Monday, December 10, 2012




On December 16, 1941 the Pottsville Republican reported that the parents of Marine Corps Major Lither Brown stationed with the USMC in China, is a prisoner of war at Tientsin China. In an earlier letter from their son in October prepared them for developments which followed, as he said then that the Marines were in constant surveillance of the Japanese.
Major Brown has been in China for the past five years and is the author of the U.S. marines Handbook. Major Brown is a graduate of Pottsville High School Class of 1917.

“Major Brown was known by all Marines as “Handbook Brown,” in recognition of his authorship of the “Handbook for Marines,” the fore-runner of today’s “Guidebook for Marines,” the latest edition of which I understand is still a mandatory purchase for all Marines.  Major Brown, having laid down a few rules himself for Marines to follow, was a stickler for regulations.  If it wasn’t written down somewhere, said Major Brown, you can’t do it.  The Japanese military bureaucracy, operating under exactly the same ground rules, had no defense against this argument.  In retrospect, I think that Major Brown had a great time instructing the Japanese on how to properly run a prison camp.”
By Robert E. Winslow
Sergeant Major, USMC (Retired) (1939-1970)

The Following account of the capture of the China Marines is from the History of the US Marine Corps in WW 2.

On 8 December 1941 (Manila Time) ,
Japanese forces took their first Marine
prisoners of war—the officers and men
of the American Embassy Guard, Peiping,
and of the Marine Legation Guard,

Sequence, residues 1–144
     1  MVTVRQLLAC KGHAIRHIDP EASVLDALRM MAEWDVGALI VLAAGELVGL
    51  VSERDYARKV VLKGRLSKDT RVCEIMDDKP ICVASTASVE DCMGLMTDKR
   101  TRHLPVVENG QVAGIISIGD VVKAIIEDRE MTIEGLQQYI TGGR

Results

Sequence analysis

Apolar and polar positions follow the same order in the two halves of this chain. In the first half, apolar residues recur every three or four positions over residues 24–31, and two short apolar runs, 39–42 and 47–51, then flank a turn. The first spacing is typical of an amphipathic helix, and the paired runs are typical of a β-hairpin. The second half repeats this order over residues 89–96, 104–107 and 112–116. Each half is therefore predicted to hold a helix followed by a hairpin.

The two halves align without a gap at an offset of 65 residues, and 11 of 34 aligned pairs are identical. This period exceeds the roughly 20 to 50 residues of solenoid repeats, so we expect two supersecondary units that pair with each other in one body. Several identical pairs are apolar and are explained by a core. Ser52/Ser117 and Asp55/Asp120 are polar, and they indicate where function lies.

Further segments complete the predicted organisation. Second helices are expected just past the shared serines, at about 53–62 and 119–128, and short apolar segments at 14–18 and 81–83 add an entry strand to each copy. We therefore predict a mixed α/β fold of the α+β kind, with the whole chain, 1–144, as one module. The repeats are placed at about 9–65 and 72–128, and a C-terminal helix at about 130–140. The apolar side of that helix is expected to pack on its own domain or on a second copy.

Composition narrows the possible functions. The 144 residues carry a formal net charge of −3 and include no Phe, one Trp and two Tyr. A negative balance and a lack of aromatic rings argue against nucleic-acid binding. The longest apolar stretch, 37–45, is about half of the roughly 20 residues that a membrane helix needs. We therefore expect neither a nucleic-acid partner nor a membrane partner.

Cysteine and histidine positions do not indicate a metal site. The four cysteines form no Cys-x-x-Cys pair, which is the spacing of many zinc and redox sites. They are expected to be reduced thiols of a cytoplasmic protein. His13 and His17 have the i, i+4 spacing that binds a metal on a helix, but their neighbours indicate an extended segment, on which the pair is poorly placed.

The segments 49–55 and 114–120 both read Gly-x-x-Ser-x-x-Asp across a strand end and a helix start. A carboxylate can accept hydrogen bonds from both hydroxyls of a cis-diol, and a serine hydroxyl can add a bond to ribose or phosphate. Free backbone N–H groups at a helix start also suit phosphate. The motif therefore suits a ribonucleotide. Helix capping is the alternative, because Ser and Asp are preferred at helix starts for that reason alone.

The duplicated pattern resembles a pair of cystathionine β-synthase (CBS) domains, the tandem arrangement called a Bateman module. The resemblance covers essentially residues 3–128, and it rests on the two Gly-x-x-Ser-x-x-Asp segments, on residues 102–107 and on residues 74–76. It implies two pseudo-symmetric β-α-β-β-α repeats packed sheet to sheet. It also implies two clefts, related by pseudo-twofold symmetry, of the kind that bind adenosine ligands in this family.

Tientsin. A detail of 22 men from the
Tientsin detachment was captured while
stockpiling supplies at the Chingwangtao docks
in anticipation of an immediate evacuation.
The North China Marines were scheduled to
depart Chingwangtao on 10 December 1941 in the
President Harrison, which had evacuated the
4th Marines from Shanghai
during the last week of November.

At approximately 0800 on the 8th,
however, about 1,000 Japanese troop s
surrounded the Tientsin barracks, while
three enemy planes circled overhead .
The Marine gate sentry phoned his commanding
officer, Major Luther A . Brown,
and stated that a Japanese officer wanted to
speak to him. 3 The officer, a Major
Omura who was well known to Brown ,
brought a written proposal that all officers and
men be assembled in one place
in the barracks compound, and all o f
their weapons and equipment in another ,
while the Japanese took over. The alternative
to surrender was "that the
Japanese would enforce their proposal
with the troops at hand." 4
Brown told the major that he would
sign the proposal only if the Japanese
accorded his men the privileges due
them under the Boxer Protocol to which
Japan and the United States had been